The Lost Child: Invisible and Unheard
The third of the four roles is the Lost Child. Remember, in a family with an emotionally absent parent, the other parent is focused on the ‘missing’ one. So no one is focused on the children. As a result of their emotional absence, the children learn to cope by adopting certain behavior styles. Unfortunately, these learned roles become their way of interacting with the world. Although every one has a bit of every role, for these children, they become more comfortable with a specific one and as a result, live within its constraints for a life time.
The Lost Child understands or feels the strain the family is under. As a result, they try to minimize their demands on their parents and siblings. As a result, they are often overlooked but this leaves them feeling lonely, rejected and isolated. The conundrum is they get what they want but that result leaves them feeling empty.
What does this look like? This is the child who is never a problem. They spend much time in these kinds of activities:
Playing video games
Playing in their room
Play ‘pretend’ behind the sofa or drapes
Building things with Lego or a similar toy
Hanging out at the library, playground or other place away from home
Every child does some of these, but for the lost Child, they excel at being ‘out of sight’ and end up being ‘out of mind’. Their teachers try to get them to participate more in class. Their siblings and fmaily call them shy. As adults they are called extreme introverts.
This child expects nothing and wouldn’t know how to make his or her wants known if they could identify them. Ironically, their disconnection from their family and themselves leaves them without knowledge of what they want or what is reasonable to expect from life and relationships.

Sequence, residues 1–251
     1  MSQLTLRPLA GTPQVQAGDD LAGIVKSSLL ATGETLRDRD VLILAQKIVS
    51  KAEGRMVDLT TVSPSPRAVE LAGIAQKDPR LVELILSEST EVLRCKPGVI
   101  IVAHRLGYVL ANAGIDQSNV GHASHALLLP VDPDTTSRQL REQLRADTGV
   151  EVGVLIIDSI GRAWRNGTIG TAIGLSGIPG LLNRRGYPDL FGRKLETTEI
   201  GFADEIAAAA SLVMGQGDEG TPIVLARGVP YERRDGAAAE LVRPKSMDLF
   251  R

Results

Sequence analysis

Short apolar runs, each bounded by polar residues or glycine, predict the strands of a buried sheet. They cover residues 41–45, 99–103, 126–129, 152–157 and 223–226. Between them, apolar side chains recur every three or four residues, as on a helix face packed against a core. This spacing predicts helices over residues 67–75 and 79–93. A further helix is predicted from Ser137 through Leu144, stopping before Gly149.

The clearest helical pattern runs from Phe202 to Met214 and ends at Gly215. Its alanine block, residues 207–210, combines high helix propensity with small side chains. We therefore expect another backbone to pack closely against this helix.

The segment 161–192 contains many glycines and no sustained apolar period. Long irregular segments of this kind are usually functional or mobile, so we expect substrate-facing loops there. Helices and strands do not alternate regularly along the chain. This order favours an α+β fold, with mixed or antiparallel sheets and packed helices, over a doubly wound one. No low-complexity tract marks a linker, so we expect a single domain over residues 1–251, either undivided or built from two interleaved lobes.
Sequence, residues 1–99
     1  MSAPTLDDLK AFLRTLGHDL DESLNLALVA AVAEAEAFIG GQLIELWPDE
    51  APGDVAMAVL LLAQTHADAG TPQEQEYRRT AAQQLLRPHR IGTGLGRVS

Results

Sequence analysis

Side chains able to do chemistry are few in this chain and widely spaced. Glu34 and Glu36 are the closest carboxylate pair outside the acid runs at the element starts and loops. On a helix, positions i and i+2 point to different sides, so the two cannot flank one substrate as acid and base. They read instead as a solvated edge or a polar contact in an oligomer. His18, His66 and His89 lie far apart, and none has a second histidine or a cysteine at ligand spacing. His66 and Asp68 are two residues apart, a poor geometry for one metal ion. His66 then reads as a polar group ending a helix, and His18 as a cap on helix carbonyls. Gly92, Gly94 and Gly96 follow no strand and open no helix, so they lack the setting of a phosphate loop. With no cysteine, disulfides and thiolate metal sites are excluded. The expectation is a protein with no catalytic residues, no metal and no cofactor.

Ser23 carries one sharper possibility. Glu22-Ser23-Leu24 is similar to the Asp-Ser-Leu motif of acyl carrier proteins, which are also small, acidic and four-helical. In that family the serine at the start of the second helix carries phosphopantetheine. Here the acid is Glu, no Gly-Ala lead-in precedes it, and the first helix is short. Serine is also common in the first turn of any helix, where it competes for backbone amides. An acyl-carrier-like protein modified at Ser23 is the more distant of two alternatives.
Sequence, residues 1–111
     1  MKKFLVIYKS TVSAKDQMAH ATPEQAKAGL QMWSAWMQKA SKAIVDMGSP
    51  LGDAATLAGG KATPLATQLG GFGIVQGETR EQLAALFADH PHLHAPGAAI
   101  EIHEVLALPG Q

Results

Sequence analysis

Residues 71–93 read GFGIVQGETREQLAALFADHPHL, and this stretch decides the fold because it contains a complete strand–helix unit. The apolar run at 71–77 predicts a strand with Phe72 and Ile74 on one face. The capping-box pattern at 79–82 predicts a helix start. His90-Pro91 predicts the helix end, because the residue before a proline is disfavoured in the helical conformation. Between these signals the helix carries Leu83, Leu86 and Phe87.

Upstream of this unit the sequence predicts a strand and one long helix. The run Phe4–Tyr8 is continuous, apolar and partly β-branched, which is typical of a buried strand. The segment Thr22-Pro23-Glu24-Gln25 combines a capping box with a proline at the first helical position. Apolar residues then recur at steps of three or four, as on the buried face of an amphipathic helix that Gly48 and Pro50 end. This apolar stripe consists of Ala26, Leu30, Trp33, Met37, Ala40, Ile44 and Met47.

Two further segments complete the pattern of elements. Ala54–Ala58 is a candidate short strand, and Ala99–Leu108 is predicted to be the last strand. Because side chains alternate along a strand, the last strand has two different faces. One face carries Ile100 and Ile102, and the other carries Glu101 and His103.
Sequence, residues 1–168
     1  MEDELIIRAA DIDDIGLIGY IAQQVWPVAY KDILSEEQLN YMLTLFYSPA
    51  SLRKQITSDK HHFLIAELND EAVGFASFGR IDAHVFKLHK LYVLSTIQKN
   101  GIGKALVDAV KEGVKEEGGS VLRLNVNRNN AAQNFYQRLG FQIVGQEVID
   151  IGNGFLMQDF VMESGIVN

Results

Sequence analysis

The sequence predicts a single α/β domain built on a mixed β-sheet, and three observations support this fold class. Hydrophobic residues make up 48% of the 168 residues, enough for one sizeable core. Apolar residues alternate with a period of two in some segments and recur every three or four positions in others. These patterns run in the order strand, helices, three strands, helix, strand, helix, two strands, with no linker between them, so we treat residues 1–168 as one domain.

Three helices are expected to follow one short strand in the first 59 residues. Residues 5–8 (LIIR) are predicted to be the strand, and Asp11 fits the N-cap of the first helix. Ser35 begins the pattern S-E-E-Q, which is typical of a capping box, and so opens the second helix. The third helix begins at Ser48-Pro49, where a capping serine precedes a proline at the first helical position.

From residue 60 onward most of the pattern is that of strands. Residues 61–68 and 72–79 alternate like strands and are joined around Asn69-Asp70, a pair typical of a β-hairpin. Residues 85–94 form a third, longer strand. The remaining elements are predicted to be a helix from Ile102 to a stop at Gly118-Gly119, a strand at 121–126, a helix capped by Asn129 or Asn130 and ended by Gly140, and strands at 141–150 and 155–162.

The purpose of this role is to hide from the chaos, condlict and stress of their family. As a result they hide – often in plain sight, but hiding never the less. In becoming invisible, they never have to take responsibility for others (because as children they know they can’t fix the family dynamic.)
This child can take one of two paths. First is the super independent child, who can handle everything for themselves. Leave me alone, I’ll do it for myself. Remember the abiding belief for this child is that I must not burden anyone, ever. So I’ll do it.
The other path is that this child becomes socially awkward and uncomfortable with others. If the focus moves to them, they panic. They are unable to express emotion, because they have learned it doesn’t pay.
These chidlren tend to become attached to pets and toys rather than people, although one super close friend is not uncommon. Remember, they have learned that emotions are pointless in their family, because no one is paying any attention anyway. So they shut down and hide, often in plain sight.
Because this child never learns how to forge normal, healthy relationships, seeming aloofness is their norm. But people are not meant to live without social support and connection.
Sadly, this child may become depressed and suicidal, because of their isolation. And yet if someone tries to befriend them, they withdraw, uncomfortable and afraid. They don’t know how to accept the connections that humans need. And in rejecting those overtures, they further confine themselves to a world of loneliness and isolation.
Remember, no fair to diagnose others. If you feel a connection with this material, feel free to email me, leave a comment or contact a health professional.
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So how do you feel as you read this? Can you feel the loneliness and isolation of this child? Can you empathize? Or is confusing? I’d love to see your comments.